The Washington PostDemocracy Dies in Darkness

Opinion The dueling perceptions of the Trump age

A Trump supporter near the Trump National Golf Club in Bedminster, N.J., on Aug. 9. (Eduardo Munoz/ Reuters)

For pure shock value, last week’s FBI search of Donald Trump’s Palm Beach home was nearly as jarring as the Jan. 6 assault on the U.S. Capitol.

Different actors, different purposes — but similarly unsettling to American sensibilities.

The riot on Jan. 6, 2021, an investigation of which has consumed our interest for the past two months, left many Americans, including me, slack-jawed. Our Bush-era war motto of “shock and awe” came to mind as Trump backers wearing animal skins and horned headgear toppled the barricades and stormed our version of the Bastille.

The violence and malevolent spirit of that day — a hangman’s noose for Vice President Mike Pence and the mocking taunts of angry men hunting House Speaker Nancy Pelosi — were profoundly disturbing, even horrifying. Most people, I think, would agree.

Now, switch channels to witness 30 to 40 federal agents arriving at Mar-a-Lago to search the premises for classified papers Trump allegedly had taken from the White House. The agents removed 11 sets of classified documents, some of them marked “top secret/sensitive compartmented information,” one of the highest levels of classification.

We weren’t privy to the search in real time; and Trump was in New York City that day preparing for his deposition in a state investigation of his sprawling business empire. Except for a few men in suits, most of the federal agents wore T-shirts, cargo pants, masks and gloves.

George T. Conway III: Trump didn’t take the cookies. Nope. Never. Why ask?

Having federal agents descend on your property is shocking under any circumstances. Unless, of course, you’re a criminal, in which case you surely wouldn’t have been a president of the United States, right? Trump might have been both. But what if he isn’t a criminal guilty of espionage, as has been suggested? Isn’t it equally possible that he’s merely stubborn, prideful and dangerously irresponsible? Intent would seem to be crucial to the answer.

I’ve wrestled with both events, trying to gauge their effect on our politics in a time of deep division and distrust and asking why my own feelings are mixed. The two historic moments are not the same, obviously, but they both signal profound disruptions in our values. Neither should happen in America. And yet both did, and, inarguably, Trump is to blame for both.

Part of me thinks the Mar-a-Lago search couldn’t have happened to a nicer guy. I wouldn’t trust Trump with my dry-cleaning stubs, much less boxes of documents containing classified information that could pose a risk to national security.

The other part of me, informed by history’s examples of government overreach, finds the search of a former president’s home as unsettling as the destruction of public property by U.S. citizens. Perhaps this is the legacy of the World War II generation that taught its children to be ever wary of government’s power. Or maybe it’s just the reporter in me.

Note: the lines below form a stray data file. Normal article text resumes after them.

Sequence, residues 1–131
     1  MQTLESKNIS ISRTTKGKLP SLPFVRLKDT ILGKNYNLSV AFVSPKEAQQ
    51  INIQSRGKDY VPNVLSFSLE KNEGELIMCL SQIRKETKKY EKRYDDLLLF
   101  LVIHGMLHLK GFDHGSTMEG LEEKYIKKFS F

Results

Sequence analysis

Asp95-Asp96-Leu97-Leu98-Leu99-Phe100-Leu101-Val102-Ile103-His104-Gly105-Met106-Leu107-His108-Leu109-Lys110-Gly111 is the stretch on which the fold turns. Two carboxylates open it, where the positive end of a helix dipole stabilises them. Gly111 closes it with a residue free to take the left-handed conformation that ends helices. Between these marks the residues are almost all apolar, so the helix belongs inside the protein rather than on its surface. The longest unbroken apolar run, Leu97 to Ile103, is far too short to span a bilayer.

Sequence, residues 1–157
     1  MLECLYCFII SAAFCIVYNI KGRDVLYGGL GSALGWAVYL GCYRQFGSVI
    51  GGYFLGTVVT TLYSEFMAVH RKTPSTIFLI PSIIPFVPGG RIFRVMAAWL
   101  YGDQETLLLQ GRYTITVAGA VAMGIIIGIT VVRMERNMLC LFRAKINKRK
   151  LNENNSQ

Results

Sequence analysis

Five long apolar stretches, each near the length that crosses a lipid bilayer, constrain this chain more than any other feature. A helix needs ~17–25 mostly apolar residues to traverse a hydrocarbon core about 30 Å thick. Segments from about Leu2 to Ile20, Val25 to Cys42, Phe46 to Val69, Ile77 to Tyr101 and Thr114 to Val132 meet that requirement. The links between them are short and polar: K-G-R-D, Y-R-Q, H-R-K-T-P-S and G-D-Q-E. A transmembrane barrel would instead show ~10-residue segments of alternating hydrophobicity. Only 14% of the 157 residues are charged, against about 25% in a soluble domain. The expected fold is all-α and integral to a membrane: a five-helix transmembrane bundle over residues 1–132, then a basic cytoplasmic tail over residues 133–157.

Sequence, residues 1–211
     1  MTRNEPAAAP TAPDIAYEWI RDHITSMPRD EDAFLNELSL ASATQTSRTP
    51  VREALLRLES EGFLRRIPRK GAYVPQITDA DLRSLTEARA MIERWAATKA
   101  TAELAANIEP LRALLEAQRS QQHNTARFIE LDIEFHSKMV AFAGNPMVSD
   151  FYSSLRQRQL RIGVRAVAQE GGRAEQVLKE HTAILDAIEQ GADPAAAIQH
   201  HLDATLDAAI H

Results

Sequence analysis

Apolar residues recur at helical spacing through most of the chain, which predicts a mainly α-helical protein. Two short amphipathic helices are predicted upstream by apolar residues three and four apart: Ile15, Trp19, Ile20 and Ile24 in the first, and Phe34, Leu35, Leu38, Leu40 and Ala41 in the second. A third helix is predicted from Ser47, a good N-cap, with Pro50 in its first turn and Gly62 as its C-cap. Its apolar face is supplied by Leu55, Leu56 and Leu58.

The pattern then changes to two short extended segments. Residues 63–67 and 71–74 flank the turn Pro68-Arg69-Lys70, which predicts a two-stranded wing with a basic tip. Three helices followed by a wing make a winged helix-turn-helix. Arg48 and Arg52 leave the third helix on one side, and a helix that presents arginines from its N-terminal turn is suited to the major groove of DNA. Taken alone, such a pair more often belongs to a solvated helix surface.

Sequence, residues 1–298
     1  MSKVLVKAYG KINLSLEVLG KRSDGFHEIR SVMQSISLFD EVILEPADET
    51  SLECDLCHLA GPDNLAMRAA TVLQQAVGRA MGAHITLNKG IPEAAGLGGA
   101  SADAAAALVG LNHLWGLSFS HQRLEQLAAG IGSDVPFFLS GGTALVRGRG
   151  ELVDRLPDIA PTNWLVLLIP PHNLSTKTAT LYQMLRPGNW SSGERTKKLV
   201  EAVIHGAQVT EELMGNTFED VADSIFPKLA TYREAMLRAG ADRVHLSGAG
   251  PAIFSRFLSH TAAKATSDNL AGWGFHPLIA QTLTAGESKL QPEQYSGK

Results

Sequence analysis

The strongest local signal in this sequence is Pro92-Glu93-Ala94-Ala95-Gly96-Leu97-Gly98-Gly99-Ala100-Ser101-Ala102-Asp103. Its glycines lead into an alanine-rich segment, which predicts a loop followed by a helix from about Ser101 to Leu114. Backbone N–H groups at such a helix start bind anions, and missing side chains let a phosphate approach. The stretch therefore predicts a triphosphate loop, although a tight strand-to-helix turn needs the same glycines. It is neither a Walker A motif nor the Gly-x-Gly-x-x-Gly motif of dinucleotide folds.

Again, these two episodes are hardly mirror images — one was lawful, and the other plainly was not — but they do reflect the dueling perceptions of our times.

The Post's View: Republicans’ response to the Mar-a-Lago search is disturbing and dangerous

If you see Trump as the worst excuse for a president in our nation’s history, then the search bordered on the mounted cavalry riding to the rescue. If he indeed possessed nuclear-related classified documents, as has been reported, then he should be held accountable. If this was the government’s Al Capone strategy — the feds couldn’t pin racketeering charges on Capone, so they jailed him for tax evasion — then, fine, please get on with it.

However, if you happen to like Trump, then the search was yet another piece of a larger picture in which the FBI, the media and Democrats are in cahoots to deprive Trump and his voters their share of power.

This belief, of course, ignores the fact that another supposedly “deep state” conspirator on that crowd’s “most wanted” list, former FBI director James B. Comey, deserves much credit for throwing the 2016 election to Trump.

It was Comey’s letter to Congress just days before the election, saying the FBI had “learned of the existence of emails that appear to be pertinent to the investigation” into Hillary Clinton’s private email server, that is widely believed to have handed Trump his victory. If there were any fence-sitters left, they quickly tumbled into Trump’s camp, especially in states such as Michigan, Pennsylvania, Wisconsin and Florida.

The FBI search, similarly, was a Comey-esque deus ex machina for Trump, whose popularity has supposedly swelled among his party faithful.

The search might have been justifiable — and obviously met the probable-cause standard for a court-ordered search warrant — but the image of federal agents trampling the sacred grounds of their hero’s castle has emboldened Trump supporters as little else could.

If the Justice Department intends to indict Trump, then it needs to act quickly so he is prevented from ever holding public office again.

Otherwise, in the battle of dueling perspectives, Trump might have the lead.

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